View from Petrin Hill.

Beijing to Shanghai: Part II

To help everyone at Tea “go there,” we make a yearly contribution to each employee for international travel and exploration. Upon their return, our Tea travelers write blog posts to share their adventures with all of us (and the world).

Cindy Young, the manager of technical design at Tea, recently traveled to China. Read on about her adventures!

In addition to all the Mid Autumn festival excitement, there were other highlights of my China trip that I am eager to share.  Since it was a short trip, I did not plan any big excursions to the Great Wall or Forbidden City (for I’ve also had the fortune to have toured those places back in 2006), instead I decided to engage in more normal activities to appreciate the locals’ everyday lifestyle.

Every morning, I went out for a run around the neighborhood or nearby park to experience the locals’ daily activities. Roaming through local neighborhoods and parks in both cities, I discovered pockets of street vendors, food trucks and pedi-cabs.  There were a wide variety of street vendors serving up fresh-made dim sum and steamed buns, scallion cakes, meat and fish balls and other interesting delicacies.  I couldn’t resist and had to sample some fresh steamed veggie buns for breakfast.  They were so tasty and only $1 RMB ($.15/each), irresistible!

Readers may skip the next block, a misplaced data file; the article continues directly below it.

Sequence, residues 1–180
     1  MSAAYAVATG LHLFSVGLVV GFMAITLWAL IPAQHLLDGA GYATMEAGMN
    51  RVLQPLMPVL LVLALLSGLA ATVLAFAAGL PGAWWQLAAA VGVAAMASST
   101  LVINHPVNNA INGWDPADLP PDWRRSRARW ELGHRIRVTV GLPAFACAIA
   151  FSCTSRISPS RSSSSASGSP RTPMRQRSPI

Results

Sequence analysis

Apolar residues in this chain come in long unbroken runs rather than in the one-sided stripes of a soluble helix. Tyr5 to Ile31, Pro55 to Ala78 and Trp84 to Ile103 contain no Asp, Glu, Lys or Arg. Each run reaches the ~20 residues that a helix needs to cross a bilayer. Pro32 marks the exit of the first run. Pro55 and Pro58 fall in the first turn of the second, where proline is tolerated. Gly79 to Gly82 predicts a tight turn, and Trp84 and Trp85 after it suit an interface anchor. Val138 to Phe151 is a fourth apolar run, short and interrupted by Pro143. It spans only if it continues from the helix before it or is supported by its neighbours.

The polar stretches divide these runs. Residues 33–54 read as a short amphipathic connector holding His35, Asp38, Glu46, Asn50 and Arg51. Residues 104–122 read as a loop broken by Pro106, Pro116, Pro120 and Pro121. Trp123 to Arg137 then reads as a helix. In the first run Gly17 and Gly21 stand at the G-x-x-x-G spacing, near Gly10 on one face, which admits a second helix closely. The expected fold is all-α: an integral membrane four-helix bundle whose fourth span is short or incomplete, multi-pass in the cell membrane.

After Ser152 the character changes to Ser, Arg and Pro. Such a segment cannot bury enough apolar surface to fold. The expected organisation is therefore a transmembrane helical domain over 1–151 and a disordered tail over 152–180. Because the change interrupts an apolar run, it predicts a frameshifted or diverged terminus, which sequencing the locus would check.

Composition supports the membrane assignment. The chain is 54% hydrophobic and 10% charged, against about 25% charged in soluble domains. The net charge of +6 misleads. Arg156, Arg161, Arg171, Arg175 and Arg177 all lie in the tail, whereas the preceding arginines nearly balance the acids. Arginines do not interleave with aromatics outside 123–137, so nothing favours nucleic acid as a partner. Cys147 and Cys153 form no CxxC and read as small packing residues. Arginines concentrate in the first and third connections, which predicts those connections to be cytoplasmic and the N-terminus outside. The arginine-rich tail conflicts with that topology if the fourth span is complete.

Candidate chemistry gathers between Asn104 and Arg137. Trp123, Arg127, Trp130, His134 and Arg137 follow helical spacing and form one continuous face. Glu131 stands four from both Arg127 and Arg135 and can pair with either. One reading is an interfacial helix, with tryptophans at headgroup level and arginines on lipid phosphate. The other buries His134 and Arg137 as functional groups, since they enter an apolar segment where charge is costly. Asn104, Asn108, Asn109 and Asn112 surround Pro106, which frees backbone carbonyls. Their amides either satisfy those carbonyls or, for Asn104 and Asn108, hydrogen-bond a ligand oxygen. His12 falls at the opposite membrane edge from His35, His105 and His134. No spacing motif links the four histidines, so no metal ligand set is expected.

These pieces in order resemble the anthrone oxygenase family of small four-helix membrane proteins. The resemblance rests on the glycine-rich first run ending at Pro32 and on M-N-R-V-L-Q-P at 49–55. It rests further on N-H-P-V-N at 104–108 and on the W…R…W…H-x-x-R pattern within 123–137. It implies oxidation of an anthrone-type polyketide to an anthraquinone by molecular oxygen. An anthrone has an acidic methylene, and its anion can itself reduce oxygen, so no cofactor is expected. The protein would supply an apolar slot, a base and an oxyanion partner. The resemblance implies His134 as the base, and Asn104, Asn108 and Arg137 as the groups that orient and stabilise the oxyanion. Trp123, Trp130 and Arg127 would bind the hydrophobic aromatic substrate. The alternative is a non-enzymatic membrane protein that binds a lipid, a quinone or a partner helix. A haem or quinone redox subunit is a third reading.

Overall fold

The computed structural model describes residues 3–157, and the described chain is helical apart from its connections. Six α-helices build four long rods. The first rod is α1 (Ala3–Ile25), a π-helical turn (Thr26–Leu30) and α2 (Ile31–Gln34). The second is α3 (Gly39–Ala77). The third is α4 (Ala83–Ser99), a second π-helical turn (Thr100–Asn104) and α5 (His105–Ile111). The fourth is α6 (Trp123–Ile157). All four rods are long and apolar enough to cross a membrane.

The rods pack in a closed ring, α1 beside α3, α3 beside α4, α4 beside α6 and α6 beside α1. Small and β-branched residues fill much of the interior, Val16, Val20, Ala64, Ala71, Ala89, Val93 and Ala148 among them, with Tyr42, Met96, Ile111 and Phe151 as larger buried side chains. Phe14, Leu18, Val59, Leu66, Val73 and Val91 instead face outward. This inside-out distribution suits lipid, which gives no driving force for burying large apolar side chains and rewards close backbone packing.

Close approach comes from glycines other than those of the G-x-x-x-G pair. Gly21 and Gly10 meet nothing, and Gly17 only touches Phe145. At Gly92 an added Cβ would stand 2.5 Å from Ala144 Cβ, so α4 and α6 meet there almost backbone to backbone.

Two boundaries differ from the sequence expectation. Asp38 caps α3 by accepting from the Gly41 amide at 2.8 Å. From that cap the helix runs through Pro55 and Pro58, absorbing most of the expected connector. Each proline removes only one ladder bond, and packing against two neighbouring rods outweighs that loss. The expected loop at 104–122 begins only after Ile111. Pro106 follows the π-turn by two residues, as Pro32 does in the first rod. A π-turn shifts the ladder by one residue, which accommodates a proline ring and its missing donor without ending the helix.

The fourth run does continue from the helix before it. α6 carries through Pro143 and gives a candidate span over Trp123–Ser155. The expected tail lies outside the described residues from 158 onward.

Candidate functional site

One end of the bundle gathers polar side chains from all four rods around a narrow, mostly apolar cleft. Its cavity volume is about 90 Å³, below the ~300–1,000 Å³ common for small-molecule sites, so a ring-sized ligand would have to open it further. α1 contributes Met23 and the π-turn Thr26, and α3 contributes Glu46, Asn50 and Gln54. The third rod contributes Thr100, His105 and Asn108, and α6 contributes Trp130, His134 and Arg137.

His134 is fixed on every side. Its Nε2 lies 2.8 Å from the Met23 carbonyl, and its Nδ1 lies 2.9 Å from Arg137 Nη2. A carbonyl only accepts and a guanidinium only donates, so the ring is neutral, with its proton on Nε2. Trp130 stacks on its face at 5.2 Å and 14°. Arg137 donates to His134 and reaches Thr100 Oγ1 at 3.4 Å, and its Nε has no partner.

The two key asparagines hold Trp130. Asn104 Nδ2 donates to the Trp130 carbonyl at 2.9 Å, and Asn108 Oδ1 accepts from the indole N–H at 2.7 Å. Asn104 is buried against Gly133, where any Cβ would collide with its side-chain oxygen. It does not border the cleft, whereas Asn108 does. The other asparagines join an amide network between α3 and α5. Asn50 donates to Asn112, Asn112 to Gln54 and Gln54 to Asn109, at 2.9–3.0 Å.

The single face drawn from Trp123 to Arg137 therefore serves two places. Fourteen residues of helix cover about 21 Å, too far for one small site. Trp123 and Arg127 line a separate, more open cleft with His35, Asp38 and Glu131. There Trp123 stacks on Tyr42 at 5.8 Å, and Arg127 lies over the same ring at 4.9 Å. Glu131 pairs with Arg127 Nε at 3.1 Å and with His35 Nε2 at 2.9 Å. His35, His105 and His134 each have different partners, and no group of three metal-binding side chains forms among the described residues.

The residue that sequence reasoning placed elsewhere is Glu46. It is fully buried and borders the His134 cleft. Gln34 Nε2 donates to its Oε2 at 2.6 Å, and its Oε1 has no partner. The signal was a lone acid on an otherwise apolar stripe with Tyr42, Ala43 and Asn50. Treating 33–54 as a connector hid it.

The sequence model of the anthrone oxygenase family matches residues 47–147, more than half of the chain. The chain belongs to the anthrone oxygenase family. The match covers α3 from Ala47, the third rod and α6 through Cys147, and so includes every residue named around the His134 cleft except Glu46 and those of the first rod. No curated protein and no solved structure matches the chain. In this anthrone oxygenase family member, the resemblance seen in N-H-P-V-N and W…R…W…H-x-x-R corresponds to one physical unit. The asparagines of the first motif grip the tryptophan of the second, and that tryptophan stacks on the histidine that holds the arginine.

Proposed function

A big part of any culture is food, and the Chinese cuisine is anything but boring.  Peking duck is a popular specialty, and only at the finest restaurants will you experience the proper taste and texture of such a dish. They are delicately carved with choice of crispy skin or not (my recommendation, try with skin) and served in sandwich style between steamed buns or roll style with a thin crepe.  Complementary plum sauce and scallions or pickled condiments completes this delicious dish.

Due to the high population of Buddhism in China, vegetarianism is very prevalent.  I am not a vegetarian but I love vegetarian dishes and was able to enjoy a remarkable lunch at Elaine’s Vegetarian Restaurant and Bar, a beautiful little restaurant that sits beside the Luoma Lake in Shunyi, a suburb of Beijing.